Friday, September 17, 2010

Fantasy Writing

I'm not talking about Tolkien or Lewis- the really good stuff. I'm talking about the really bad, repetitive stuff.

Printed in the Independent:

I am writing to express my outrage at the Pope's Holyroodhouse speech in Edinburgh. This speech was a slander on modern Britain. I refer chiefly to the Pope's description of Nazi Germany and the British resistance, with its references to "how Britain and her leaders stood against a Nazi tyranny that wished to eradicate God from society and denied our common humanity to many, especially the Jews, who were thought unfit to live" and "the sobering lessons of the atheist extremism of the 20th century".

Hitler's political philosophy was not based upon atheism and had no connection with atheism. Hitler was nominally a Roman Catholic. He enjoyed the open support of many of the most senior Catholic clergy in Germany and his birthday was celebrated until his death by Vatican mandate.

Even if Hitler had been an atheist, the rank-and-file Germans who carried out the extirpation of the Jews were almost all Christians, primed to their anti-Semitism by centuries of Catholic propaganda about "Christ-killers" as well as by Martin Luther's seething hatred of Jews.

Britain's secular, not necessarily atheist, modern culture should be maintained, not slandered with veiled allegation of Nazism.

The debunking of this myth:

Hitler was an atheist, had as much tolerance for Christianity as some contemporary wags, he strove for an atheist state, did not enjoy the support of the Church, which he persecuted(let's not forget the rescue of the Jews), killed nuns and priests and the Pope never tarred all atheists as Nazis. The attempt to distance oneself from atheism/Nazism is transparently self-conscious.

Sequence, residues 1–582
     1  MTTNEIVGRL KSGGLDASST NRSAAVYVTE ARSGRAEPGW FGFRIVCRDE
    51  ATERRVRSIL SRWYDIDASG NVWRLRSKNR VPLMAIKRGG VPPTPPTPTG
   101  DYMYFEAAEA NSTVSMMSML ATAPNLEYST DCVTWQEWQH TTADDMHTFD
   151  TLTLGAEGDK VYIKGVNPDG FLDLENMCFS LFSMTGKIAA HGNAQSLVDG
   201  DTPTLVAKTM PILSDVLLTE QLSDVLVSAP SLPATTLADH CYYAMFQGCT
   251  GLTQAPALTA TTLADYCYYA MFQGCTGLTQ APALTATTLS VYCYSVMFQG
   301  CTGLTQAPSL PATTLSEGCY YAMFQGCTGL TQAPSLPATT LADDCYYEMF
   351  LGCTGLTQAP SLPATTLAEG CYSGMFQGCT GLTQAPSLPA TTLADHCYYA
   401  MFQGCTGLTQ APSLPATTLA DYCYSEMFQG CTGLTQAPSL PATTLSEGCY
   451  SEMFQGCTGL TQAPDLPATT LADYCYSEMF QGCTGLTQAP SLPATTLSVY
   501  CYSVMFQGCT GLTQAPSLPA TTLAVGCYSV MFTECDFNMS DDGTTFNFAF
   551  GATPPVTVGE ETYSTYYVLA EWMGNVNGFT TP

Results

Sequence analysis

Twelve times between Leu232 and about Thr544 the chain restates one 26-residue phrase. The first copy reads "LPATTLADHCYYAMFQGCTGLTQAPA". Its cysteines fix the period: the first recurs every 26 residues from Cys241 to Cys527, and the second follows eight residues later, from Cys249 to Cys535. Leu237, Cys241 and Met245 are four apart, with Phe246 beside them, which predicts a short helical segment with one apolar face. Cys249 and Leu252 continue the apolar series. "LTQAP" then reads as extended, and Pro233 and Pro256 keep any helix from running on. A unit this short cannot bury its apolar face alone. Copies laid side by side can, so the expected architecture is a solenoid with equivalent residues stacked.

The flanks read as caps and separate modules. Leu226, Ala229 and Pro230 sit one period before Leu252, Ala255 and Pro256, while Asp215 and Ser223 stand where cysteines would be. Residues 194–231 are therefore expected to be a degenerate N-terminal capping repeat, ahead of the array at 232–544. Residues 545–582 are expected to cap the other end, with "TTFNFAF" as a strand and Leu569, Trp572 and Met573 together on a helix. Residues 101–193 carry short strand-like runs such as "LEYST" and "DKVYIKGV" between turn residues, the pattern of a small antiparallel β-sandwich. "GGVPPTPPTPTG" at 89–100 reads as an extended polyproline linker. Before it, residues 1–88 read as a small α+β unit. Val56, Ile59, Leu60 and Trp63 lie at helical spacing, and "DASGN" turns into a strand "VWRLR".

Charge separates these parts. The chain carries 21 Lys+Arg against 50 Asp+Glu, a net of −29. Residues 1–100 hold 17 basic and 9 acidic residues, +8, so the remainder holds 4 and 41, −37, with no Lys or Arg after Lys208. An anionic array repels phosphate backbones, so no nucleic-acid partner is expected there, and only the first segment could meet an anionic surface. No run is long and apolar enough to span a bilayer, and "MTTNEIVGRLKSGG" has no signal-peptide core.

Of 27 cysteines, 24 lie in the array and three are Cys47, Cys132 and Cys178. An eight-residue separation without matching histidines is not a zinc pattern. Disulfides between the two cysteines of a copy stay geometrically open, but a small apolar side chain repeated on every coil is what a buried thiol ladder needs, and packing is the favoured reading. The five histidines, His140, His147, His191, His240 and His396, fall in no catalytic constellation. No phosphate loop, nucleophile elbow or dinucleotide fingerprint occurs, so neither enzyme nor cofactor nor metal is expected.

Conclusion: simply because British people sound posh, it doesn't necessarily mean they are clever. What gives the United Kingdom (particularly England) the right to criticise anyone about anything? Don't forget that the UK's official religion is Anglicanism (founded by wife-hating Henry VIII), that it is ruled by German cousins (don't forget the abdication of the Nazi-loving Edward is the reason why Elizabeth II is now cheating her cloth-eared son, Charles, out of the throne), that they invaded Ireland and India because they could no longer abide eating boiled toast, that all their best writers and poets had distinct memories of tuberculosis and there are two seasons- damp and damper. The martyrs of the British Isles and the victims of the Amritsar massacre were right- replacing God with power, cruelty and bitterness sucks. The pretense that one doesn't need a higher power to be a good person is shattered when one sees that arrogance and beastliness are the substitutes. The generation that did matter- the one that fought the Nazis with courage and conviction- wouldn't recognise the Great Britain that now fears its restive Muslim population. If Cromwell's burning the church at Drogheda doesn't bother Britons, then a firmer hand in dealing with nutcase terrorists who kill innocent passengers on their way to work should be a breeze.

Come on, Britain. I thought you didn't like religiosity.